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Nature’s Brand Names

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Rick Ganley
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Why do products cloak themselves in natural imagery and metaphor? The auto industry has long co-opted Nature nouns: Falcons, Jaguars, Cougars, Impalas, Mustangs and Rams…

With more and more references to "The Cloud", I see electronic technology and products also co-opt their language…. from Nature. There are "Apples" and "Blackberries" on desks and in cubicles of high-rise urban office towers. People "Tweet" on "Twitter".  You can hire a "Survey Monkey" or a "Mail Chimp!"Computers suffer cyber-ailments ranging from "viruses" to "worms." With an "I-Pod," catch the latest "Podcast" - but not pea-pods nor pods of whales. Ideologies are debated in the airy "Blog-o-sphere" or woven into silken strands of the "worldwide web."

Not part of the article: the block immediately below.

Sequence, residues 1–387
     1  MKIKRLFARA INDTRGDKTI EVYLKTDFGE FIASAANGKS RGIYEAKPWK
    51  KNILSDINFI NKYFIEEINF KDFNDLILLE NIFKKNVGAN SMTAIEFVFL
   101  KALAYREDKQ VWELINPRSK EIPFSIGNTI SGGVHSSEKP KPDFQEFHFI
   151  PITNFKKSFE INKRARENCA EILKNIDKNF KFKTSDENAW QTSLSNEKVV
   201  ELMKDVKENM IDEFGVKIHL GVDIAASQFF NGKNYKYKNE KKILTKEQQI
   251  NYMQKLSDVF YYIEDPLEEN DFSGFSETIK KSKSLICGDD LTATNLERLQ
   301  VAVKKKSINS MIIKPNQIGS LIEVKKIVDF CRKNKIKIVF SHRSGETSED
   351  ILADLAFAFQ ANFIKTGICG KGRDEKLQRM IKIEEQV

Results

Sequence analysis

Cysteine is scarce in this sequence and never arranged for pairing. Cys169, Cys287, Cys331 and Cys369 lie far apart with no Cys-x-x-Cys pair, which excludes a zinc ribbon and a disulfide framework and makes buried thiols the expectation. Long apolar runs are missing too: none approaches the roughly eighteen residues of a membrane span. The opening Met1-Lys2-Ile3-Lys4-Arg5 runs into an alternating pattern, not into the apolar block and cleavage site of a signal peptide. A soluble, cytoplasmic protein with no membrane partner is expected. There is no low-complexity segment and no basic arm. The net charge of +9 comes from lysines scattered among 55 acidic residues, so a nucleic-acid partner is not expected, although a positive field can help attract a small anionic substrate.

Do our electronic gadgets connect us back to our roots in Nature? Is the camouflage of natural imagery somehow less threatening; an "E-wolf" in "I-sheep’s" clothing?  Even more sinister - are soft Nature themes intended to "green-wash" products whose rare-earth minerals and production footprints degrade natural areas?

Or maybe Nature references provide subliminal comfort; like faint echoes of our Mother Earth's heartbeat? Harvard Ecologist, E.O. Wilson's "Biophilia" hypothesis argues that evolutionary history spawns innate human craving for nature. Paradoxically, we express love for all things natural in the naming of all things technological. We crave connections to the outdoors even as our bus

y modern lives lead us further indoors.

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